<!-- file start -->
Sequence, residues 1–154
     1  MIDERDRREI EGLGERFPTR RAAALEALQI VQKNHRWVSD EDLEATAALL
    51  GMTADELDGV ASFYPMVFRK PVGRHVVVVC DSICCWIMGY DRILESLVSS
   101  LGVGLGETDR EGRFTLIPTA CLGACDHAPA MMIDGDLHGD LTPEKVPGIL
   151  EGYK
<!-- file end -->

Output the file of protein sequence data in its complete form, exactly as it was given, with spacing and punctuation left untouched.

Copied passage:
Sequence, residues 1–154
     1  MIDERDRREI EGLGERFPTR RAAALEALQI VQKNHRWVSD EDLEATAALL
    51  GMTADELDGV ASFYPMVFRK PVGRHVVVVC DSICCWIMGY DRILESLVSS
   101  LGVGLGETDR EGRFTLIPTA CLGACDHAPA MMIDGDLHGD LTPEKVPGIL
   151  EGYK